Italy has long been romanticized as an idyllic place. Italian food and foodways play an important part in this romanticization – from bountiful bowls of fresh pasta to bottles of Tuscan wine. While such images oversimplify the complex reality of modern Italy, they are central to how Italy is imagined by Italians and non-Italians alike.
Representing Italy through Food is the first book to examine how these perceptions are constructed, sustained, promoted, and challenged. Recognizing the power of representations to construct reality, the book explores how Italian food and foodways are represented across the media – from literature to film and television, from cookbooks to social media, and from marketing campaigns to advertisements. Bringing together established scholars such as Massimo Montanari and Ken Albala with emerging scholars in the field, the thirteen chapters offer new perspectives on Italian food and culture. Featuring both local and global perspectives – which examine Italian food in the United States, Australia, and Israel – the book reveals the power of representations across historical, geographic, socio-economic, and cultural boundaries and asks if there is anything that makes Italy unique.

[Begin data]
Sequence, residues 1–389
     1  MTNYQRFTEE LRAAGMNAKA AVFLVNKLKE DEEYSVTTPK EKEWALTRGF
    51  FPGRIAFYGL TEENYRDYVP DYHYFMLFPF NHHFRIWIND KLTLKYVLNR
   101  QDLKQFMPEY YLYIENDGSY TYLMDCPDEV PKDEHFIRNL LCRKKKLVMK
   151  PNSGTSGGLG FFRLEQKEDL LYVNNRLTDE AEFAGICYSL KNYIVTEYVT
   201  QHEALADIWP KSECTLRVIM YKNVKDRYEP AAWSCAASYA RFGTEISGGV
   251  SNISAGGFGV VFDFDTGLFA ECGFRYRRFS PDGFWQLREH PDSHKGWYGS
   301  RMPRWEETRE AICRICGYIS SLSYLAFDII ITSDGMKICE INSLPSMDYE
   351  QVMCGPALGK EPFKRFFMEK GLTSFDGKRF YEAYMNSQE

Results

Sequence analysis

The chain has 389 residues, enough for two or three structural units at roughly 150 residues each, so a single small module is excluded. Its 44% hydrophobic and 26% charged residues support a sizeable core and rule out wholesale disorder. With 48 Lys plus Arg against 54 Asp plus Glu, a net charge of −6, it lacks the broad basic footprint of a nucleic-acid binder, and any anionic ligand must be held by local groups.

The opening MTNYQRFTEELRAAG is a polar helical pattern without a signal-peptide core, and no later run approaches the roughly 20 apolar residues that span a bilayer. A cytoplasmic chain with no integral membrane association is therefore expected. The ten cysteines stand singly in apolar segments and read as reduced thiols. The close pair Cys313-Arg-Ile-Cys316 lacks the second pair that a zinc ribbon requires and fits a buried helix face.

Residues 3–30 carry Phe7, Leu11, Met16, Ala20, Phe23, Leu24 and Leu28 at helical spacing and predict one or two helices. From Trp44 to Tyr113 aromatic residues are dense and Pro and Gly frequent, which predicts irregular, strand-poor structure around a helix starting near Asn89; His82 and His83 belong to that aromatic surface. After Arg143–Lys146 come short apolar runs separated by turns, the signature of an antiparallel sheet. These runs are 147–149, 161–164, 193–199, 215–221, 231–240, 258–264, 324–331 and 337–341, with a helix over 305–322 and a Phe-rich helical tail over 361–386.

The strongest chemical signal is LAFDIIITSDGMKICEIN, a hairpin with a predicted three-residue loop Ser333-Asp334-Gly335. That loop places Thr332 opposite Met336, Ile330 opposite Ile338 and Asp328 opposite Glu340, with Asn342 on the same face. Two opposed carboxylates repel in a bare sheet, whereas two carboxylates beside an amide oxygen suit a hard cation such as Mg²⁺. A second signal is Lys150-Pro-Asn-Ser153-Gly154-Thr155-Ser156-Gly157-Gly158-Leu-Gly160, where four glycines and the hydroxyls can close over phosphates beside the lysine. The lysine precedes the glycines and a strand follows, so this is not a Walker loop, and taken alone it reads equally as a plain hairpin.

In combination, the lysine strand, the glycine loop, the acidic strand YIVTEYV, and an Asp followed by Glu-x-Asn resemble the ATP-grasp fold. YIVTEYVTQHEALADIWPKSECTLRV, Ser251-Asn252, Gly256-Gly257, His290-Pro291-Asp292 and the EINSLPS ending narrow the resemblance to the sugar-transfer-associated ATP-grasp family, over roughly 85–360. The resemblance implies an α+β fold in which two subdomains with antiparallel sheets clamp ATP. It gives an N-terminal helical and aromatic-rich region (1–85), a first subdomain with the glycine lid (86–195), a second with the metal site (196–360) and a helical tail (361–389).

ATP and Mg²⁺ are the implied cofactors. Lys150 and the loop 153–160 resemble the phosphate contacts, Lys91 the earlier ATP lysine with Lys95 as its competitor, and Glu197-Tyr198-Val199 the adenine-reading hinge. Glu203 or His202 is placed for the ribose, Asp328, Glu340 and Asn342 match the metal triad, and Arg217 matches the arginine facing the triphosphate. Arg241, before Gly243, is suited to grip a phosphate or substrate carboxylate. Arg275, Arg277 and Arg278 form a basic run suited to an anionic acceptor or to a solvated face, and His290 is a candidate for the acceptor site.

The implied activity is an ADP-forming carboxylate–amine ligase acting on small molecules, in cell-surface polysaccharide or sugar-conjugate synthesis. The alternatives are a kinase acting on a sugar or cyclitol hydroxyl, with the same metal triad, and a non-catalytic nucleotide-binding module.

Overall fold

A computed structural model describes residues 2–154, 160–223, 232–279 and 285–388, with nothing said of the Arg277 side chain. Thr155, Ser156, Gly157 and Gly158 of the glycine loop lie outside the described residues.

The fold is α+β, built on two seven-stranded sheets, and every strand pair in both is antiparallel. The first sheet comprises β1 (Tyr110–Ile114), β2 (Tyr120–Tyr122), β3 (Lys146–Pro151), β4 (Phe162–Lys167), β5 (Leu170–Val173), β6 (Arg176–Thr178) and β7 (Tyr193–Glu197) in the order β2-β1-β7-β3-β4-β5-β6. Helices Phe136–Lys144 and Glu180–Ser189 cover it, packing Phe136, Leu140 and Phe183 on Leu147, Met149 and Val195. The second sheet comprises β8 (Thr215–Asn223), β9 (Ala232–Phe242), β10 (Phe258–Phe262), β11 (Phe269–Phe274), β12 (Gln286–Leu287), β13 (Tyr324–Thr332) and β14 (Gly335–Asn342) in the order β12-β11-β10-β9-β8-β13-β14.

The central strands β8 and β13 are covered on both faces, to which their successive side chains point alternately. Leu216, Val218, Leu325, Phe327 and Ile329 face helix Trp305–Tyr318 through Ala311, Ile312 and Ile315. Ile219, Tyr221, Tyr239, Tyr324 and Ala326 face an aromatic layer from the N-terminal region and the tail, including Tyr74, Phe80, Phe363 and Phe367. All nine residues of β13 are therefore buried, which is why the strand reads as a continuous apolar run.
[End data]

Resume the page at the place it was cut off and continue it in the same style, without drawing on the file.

An important contribution to our understanding of the enduring power of Italy, Italian culture, and Italian food – both in Italy and beyond. Essential reading for students and scholars in food studies, Italian studies, media studies, and cultural studies.